Western-European cities have become melting pots of different minority cultures. Yet the Western ‘Enlightened’ values still reign. As a possible tool of resistance against an all-consuming liberal ideology, Eating Each Other presents the strategy of ‘reappropriation’, by which dominant patterns of thought and behaviour are mixed with one’s own knowledge, customs and rituals to create something entirely new.
The question remains: who is eating and who is eaten?
In 2018, Antwerp will for the first time have more residents with a migrant background than it will have native Belgian residents. This will make it a so-called ‘majority-minority city’, a city in which the majority is made up of a wide range of minorities. As such, the city will no longer be characterised by a distinct ethnic, religious and cultural homogeneity. In light of this, to look at ‘citizenship’, values and norms from a Western perspective is no longer a valid approach.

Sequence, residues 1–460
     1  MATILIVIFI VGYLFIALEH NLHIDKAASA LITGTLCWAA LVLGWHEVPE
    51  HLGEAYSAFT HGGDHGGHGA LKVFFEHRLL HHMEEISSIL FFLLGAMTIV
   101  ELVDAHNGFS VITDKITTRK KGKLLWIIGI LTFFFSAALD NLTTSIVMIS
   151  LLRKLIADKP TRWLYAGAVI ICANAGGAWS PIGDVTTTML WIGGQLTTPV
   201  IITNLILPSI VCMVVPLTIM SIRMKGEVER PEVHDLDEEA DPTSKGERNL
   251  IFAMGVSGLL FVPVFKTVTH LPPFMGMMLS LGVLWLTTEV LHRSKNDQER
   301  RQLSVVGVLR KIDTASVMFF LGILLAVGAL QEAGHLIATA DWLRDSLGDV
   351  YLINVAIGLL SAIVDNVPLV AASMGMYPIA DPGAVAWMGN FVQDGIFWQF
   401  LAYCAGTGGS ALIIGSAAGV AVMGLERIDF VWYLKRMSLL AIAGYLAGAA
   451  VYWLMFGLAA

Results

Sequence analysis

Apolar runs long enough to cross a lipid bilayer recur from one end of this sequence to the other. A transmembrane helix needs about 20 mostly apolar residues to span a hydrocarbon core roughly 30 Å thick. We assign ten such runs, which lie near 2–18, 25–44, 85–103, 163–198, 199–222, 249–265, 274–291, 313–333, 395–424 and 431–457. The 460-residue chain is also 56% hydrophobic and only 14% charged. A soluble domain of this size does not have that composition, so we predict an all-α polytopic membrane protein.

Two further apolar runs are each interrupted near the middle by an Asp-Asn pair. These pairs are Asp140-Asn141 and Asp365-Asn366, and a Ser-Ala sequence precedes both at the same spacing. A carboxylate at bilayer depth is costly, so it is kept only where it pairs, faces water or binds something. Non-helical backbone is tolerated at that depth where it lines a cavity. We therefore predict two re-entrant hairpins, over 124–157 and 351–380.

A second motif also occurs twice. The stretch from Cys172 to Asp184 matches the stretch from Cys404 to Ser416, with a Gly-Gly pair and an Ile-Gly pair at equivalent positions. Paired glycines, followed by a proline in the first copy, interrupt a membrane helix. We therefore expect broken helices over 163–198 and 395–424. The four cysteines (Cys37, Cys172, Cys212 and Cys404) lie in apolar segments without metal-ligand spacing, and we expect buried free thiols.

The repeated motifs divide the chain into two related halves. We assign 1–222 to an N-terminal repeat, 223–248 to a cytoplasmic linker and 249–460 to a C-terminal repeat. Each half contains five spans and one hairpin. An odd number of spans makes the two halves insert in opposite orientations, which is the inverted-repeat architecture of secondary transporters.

The exhibition and public programme ‘Eating Each Other’ looks at the strategy of reappropriation. The project is inspired by the 'Manifesto Antropófago' (‘Cannibalist Manifesto’) written by Brazilian poet and theorist Oswald de Andrade in 1928. In this poetic text, de Andrade proposes to cannibalise a dominant culture by eating it, digesting it and excreting it in an entirely new form.
Processes of reappropriation enable people to create a space that they recognise as their own. At the same time, they reveal an interesting power dynamic. They are simultaneously a tool of domination and a means of resisting domination. It is this dynamic that ‘Eating Each Other’ seeks to reflect. The ‘cannibalistic’ process is presented through artworks that themselves are proposals for reappropriation, as well as through groups of works that mutually reappropriate in various ways.